The healing power of sarsaparilla

Sarsaparilla is a medicinal plant that is used in herbal medicine. The root can be eaten as a vegetable and is therefore used by herbalists against all kinds of diseases. They mainly use the plant against rheumatic diseases. Bodybuilders could use sarsaparilla to build muscle.
NB! This article is written from the personal view of the author and may contain information that is not scientifically substantiated and/or in line with the general view.

Botanical drawing sarsaparilla / Source: Köhler’s Medizinal Pflanzen, Wikimedia Commons (Public domain)


  • Naming sarsaparilla
  • History of sarsaparilla
  • Active ingredients sarsaparilla
  • Sarasaparilla for detoxification
  • Sarsaparilla as a hormone regulator
  • Sarsaparilla against inflammatory diseases
  • Other medicinal effects
  • External use sarsaparilla
  • Consult a herbal therapist


Naming sarsaparilla

The Latin name for this South American plant is Smilax Officinalis . Smilax is the Greek name for climbing plants. Officinalis means: from the pharmacist’s workplace. Officinalis is a term that used to be given to commonly used medicinal plants.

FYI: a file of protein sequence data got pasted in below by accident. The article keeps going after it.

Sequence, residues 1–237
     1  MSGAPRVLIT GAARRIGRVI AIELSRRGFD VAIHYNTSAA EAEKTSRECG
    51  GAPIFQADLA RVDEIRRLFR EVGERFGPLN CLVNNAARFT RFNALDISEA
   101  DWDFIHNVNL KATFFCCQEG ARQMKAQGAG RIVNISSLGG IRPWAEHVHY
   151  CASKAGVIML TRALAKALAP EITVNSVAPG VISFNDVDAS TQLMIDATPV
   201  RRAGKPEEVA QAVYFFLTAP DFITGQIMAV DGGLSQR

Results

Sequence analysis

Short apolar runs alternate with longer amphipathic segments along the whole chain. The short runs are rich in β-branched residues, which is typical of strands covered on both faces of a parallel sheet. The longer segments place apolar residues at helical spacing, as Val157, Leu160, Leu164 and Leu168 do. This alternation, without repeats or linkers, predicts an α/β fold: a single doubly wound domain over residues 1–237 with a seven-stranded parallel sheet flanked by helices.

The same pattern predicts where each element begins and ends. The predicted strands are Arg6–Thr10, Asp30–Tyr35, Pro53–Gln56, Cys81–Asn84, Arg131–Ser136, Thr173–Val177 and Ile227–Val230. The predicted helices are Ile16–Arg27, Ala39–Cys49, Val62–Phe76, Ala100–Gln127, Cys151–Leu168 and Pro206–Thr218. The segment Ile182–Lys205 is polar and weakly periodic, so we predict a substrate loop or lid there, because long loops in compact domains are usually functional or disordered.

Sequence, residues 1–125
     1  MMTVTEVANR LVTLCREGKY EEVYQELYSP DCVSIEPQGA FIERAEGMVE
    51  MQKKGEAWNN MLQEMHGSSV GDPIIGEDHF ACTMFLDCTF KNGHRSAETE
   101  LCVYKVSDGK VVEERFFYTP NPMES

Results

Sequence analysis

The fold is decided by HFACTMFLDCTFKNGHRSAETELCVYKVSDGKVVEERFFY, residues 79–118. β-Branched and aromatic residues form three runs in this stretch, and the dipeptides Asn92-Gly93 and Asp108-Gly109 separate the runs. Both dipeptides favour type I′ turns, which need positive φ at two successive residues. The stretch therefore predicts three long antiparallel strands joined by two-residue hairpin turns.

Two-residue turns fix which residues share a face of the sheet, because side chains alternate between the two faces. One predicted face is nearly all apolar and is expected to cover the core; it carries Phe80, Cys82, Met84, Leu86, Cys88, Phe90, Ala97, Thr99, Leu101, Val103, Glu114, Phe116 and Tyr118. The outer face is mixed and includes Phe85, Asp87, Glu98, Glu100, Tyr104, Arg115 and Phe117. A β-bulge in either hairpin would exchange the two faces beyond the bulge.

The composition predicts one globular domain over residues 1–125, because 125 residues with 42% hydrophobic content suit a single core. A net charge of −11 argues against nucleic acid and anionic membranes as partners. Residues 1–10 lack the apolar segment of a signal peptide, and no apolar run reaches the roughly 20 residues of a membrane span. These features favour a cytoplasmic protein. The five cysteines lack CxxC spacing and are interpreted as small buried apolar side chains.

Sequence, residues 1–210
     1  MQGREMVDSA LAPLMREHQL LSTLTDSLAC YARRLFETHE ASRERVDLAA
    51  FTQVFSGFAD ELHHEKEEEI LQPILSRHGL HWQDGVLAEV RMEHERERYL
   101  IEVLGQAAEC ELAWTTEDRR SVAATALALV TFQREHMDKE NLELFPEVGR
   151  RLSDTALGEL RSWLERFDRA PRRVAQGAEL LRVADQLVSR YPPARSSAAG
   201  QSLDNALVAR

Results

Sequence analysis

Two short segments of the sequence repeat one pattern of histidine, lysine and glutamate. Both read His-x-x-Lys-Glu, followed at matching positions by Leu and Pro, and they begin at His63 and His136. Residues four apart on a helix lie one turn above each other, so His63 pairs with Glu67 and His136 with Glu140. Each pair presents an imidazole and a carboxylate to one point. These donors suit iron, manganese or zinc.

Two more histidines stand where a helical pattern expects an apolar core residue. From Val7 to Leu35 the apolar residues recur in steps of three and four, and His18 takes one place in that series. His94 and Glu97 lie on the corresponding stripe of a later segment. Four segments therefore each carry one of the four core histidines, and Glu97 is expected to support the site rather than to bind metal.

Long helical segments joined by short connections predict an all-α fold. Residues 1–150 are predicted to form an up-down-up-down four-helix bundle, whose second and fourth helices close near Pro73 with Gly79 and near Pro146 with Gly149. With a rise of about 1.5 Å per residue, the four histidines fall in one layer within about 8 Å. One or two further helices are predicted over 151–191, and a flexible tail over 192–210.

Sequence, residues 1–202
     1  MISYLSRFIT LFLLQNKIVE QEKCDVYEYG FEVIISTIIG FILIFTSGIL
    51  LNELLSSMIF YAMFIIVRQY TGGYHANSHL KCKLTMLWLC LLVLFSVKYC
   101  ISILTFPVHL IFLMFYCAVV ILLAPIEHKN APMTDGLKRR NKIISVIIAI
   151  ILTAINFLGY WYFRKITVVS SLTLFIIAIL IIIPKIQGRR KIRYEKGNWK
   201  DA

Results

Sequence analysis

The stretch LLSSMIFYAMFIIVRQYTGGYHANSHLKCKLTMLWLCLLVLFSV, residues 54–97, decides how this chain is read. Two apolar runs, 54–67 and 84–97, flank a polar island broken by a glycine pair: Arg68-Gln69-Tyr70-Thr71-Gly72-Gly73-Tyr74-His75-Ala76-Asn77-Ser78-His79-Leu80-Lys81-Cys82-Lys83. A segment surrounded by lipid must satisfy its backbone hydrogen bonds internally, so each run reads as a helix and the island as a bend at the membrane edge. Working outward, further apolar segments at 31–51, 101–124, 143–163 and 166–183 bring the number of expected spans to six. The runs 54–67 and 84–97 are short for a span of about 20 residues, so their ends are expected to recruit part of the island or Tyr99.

History of sarsaparilla

The original inhabitants of Central and South America have long used this plant against rheumatic complaints, skin conditions, impotence, as a blood purifier and a general tonic for the body. Spanish colonizers took the plant to Europe where it was studied medicinally. European doctors saw a diuretic effect, which explains the rheumatoid properties. They also found that it was a blood purifier and diaphoretic, which cured diseases such as high blood pressure and skin diseases. The Europeans also discovered that it served as a medicine for syphilis and other venereal diseases. Chinese medicine views sarsaparilla as an herb that strengthens the blood and life energy. In 1942, scientists discovered that it is a medicine against psoriasis and in 1959 it was discovered that it combats leprosy.

Active ingredients sarsaparilla